7 amazing new movies to watch this week in November
This week, Eddie Redmayne shows us a different side to his nice guy image in eerie true story The Good Nurse whilst some of 2022’s most talked about cinema hits come to the small screen. Happy viewing!
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The Good Nurse (Netflix)
Jessica Chastain delivers another great turn as busy nurse Amy, innocently befriending new colleague Charlie at the hospital where she works in this noughties-set true crime drama. So what’s the twist? Well, this seemingly sweet and charming medic, played by Eddie Redmayne, is actually hiding some very dark secrets and it falls to Amy to help bring him to justice. Redmayne - cast against type - is especially powerful in this, mysterious Charlie slowly unravelling and getting stranger and stranger as the film goes on. It’s moody, atmospheric and brilliantly unsettling to watch.
WATCH: The trailer for Netflix's gripping thriller, The Good Nurse
The funniest romantic comedy of the year sees American TV favourite Billy Eichner star as geeky New Yorker Bobby, a podcast host and curator of an LGBTQ+ museum, who falls for his polar opposite: straight acting ‘bro’ Aaron (Luke Macfarlane). What follows is a joke-packed look at the hilarious complexities of modern gay relationships, full of pop culture gags and big-name cameos (Will & Grace’s Debra Messing is especially wonderful). But what gives Bros real punch is how it also manages to be poignant and powerful too, the perfect blend of laughs and life lessons.
The Lost City (Sky Cinema)
Sandy is back! The always great Ms Bullock returns in this romp that shamelessly riffs on eighties blockbuster Romancing the Stone, playing a nervy and reclusive romance novelist (Marianne) who just happens to also be an expert in ancient history. Enter billionaire Abigail Fairfax (Daniel Radcliffe), a crazed collector who dreams of discovering hidden treasure on a remote Atlantic island and who kidnaps Marianne to help him find it. With only dumb model Alan (Channing Tatum) to save her, things aren’t looking good. Silly? You bet. But this is still slick, globe-trotting fun, featuring a memorable cameo from a certain Brad Pitt too.
Don’t Worry Darling (rent/own on all major platforms)
Proving that its behind-the-scenes drama didn’t put off audiences, Don’t Worry Darling has been a big hit at cinemas. Now it’s your chance to see Harry Styles’ leading man debut - directed by his partner Olivia Wilde - at home too. The verdict? The ‘As It Was’ singer is certainly no slouch as an actor, although it’s co-stars Florence Pugh and Chris Pine who really impress.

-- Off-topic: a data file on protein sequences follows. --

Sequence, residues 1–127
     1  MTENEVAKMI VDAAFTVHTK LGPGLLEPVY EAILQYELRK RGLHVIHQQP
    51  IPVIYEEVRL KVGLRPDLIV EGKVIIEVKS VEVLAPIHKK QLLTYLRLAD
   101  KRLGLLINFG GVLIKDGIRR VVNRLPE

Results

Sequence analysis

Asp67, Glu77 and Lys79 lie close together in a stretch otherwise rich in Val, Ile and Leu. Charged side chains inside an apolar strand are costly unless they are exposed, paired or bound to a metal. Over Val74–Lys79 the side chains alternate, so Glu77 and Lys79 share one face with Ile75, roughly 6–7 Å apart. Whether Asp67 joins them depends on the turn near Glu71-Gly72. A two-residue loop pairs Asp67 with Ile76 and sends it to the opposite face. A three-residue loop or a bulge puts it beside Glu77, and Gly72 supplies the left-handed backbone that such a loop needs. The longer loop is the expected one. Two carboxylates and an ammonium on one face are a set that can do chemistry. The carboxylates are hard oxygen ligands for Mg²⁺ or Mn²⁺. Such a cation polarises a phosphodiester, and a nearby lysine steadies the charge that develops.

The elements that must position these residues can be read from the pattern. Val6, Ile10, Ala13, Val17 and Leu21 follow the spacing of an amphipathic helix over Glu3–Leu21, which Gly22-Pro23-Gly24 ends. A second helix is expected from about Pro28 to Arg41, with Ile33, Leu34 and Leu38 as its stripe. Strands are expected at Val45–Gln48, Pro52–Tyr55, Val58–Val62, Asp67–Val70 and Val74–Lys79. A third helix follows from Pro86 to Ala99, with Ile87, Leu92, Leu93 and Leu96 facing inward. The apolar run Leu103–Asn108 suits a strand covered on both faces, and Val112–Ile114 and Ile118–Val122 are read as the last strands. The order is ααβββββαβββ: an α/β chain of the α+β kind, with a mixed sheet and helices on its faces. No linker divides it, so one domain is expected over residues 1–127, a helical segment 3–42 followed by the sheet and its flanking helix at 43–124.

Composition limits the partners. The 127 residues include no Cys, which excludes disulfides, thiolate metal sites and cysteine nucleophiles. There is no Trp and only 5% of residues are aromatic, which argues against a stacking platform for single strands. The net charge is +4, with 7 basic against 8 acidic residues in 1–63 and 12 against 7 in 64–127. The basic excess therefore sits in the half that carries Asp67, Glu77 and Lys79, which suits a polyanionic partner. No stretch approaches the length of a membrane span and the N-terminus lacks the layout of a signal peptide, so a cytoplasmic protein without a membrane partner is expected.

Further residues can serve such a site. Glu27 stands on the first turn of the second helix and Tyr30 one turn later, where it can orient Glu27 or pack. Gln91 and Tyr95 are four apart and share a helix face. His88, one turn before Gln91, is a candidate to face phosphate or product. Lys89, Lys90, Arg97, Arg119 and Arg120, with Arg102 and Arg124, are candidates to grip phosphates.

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The story follows 1950s housewife Alice (Pugh), happily married to Jack (Styles) and living in newly built community that seems almost good to be true. So when Alice starts to notice strange things happening in the town, she begins to question everything - including the charismatic local business leader Frank (Pine). It’s not entirely believable, that’s for sure, but this is still an atmospheric thriller with a pitch-perfect feminist slant.
Ticket to Paradise (rent on all major platforms)
Roberts and Clooney in a rom-com? What more do you want? Some films don’t need a lot to make them appealing and Ticket to Paradise is a great example. It’s just movie royalty Julia and George in Bali for a wedding. Boom - I’m hooked. If that’s not exactly edge-of-your-seat stuff, there’s still plenty of gorgeous scenery (and people) to keep you entertained, not to mention some brilliant bickering from the two experienced leads (playing ex-hubby and wife). Will they kiss and make up by the end of the film? Let’s just say this is enjoyably predictable.
Produced by Barack and Michelle Obama, Descendant follows a filmmaker as she returns to her hometown of Mobile, Alabama to document the search for The Clotilda, the last known ship to arrive in the United States illegally carrying enslaved Africans in the mid-nineteenth century. Over a century later, many descendants from those on board The Clotilda live in Mobile’s suburb of Africatown and the film hears their stories - and the stories that have been passed down from generation to generation. Poignant and compelling.
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